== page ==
Marcos Ambrose, Richard Petty Motorsports facing crossroads

Jerry Markland

As he seeks his first oval track win, the 2014 season is shaping up to be a pivotal one for Marcos Ambrose.

Following a decent but rather unfulfilling season, if there is an organization that needs to hit the reset button this offseason it would be Richard Petty Motorsports. And the next couple of months are critical for the two-car team as it prepares for what should be viewed as a decisive 2014 campaign.

2013 in the Rearview

After a solid finish to the 2012 season -- his first full year in NASCAR's No. 1 division -- it wasn't unreasonable to think Aric Almirola was poised for a breakthrough season in 2013. That notion was reinforced when through 10 races he was sitting eighth in the point standings, which had the No. 43 team thinking seriously about a berth in the Chase for the Sprint Cup.

That playoff push never materialized. Almirola's performance regressed -- or more accurately, regressed toward the mean -- and in the remaining 26 races, he finished in the top 10 only twice. Also not helping matters was the loss of crew chief Todd Parrott, who was suspended and then terminated following an October violation of NASCAR's substance-abuse policy.

Although it may not have been the season he once envisioned, Almirola did jump two spots in the standings to 18th and saw an improvement in his average finish and lead lap finishes.

Similar to his teammate, for much of 2013 Marcos Ambrose lacked consistency and speed. While he showed flashes previously, ovals continue to hamper the noted road racing ace as he led a mere two laps on tracks without right-hand turns.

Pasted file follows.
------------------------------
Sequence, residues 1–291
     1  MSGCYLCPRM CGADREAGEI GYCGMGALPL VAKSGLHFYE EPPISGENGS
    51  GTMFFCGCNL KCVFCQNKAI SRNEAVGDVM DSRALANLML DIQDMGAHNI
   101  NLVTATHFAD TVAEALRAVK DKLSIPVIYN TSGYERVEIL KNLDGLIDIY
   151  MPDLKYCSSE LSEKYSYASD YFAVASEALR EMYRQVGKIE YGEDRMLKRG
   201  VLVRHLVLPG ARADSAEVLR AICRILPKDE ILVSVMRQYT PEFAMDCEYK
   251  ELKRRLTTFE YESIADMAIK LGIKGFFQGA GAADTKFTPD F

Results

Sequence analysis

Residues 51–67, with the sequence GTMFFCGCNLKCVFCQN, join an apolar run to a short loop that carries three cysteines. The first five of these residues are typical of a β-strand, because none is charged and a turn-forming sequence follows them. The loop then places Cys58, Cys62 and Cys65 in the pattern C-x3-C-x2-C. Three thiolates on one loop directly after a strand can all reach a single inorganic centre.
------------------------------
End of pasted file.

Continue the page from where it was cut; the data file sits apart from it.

As is typically the case, Ambrose's season is defined by how he performs on the series' pair of road courses, and last season he let potential victories at Sonoma and Watkins Glen elude him. Overall, he finished the year 22nd in points with six top-10s and a best result of sixth.

2014 Driver Lineup

Marcos Ambrose (No. 9 Stanley/DeWalt Ford); Aric Almirola (No. 43 Smithfield Foods Ford)

Key Changes

The dismissal of Parrott late in the year necessitated a change atop the pit box for Almirola and the No. 43 team. Trent Owens, the nephew of Richard Petty and a longtime crew chief in the Nationwide Series, has been hired to replace Parrott. This will be Owens' first foray as a full-time Cup crew chief.

Biggest Offseason Question

Yes, RPM is a small team with limited resources and therefore there is a ceiling on what the two-car team can seemingly accomplish. But despite its limitations, RPM still should be better than it showed last season.

Facing a crossroads, the question team officials must ask themselves this offseason is, where does the organization go from here?

Most pressing, the team must decide what to do with Ambrose. Now with five full seasons of Cup under his belt, he should be more consistently competitive on ovals, and yet the 37-year-old didn't have a single top-five finish last season. That's unacceptable.

Ambrose has stated openly that unless he can find Victory Lane in 2014 -- preferably on an oval -- he will likely head back to his native Australia to race V8 supercars. And while the jovial driver will be missed, RPM shouldn't feel compelled to bring Ambrose back unless he demonstrates noticeable gains in performance.

NASCAR is flush with a host of young talents deserving of a Cup ride. In the long run, it might be in the team's best interests to go this route rather than pin its hopes on a driver who, outside of Sonoma and Watkins, doesn't have much shot of winning.


Either RPM will continue to build a stable foundation in which the organization can begin regularly challenging for victories, or there will be massive changes at this time next year. It's an either-or case with little room in between.

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Analyzing NASCAR's silly season and who went where

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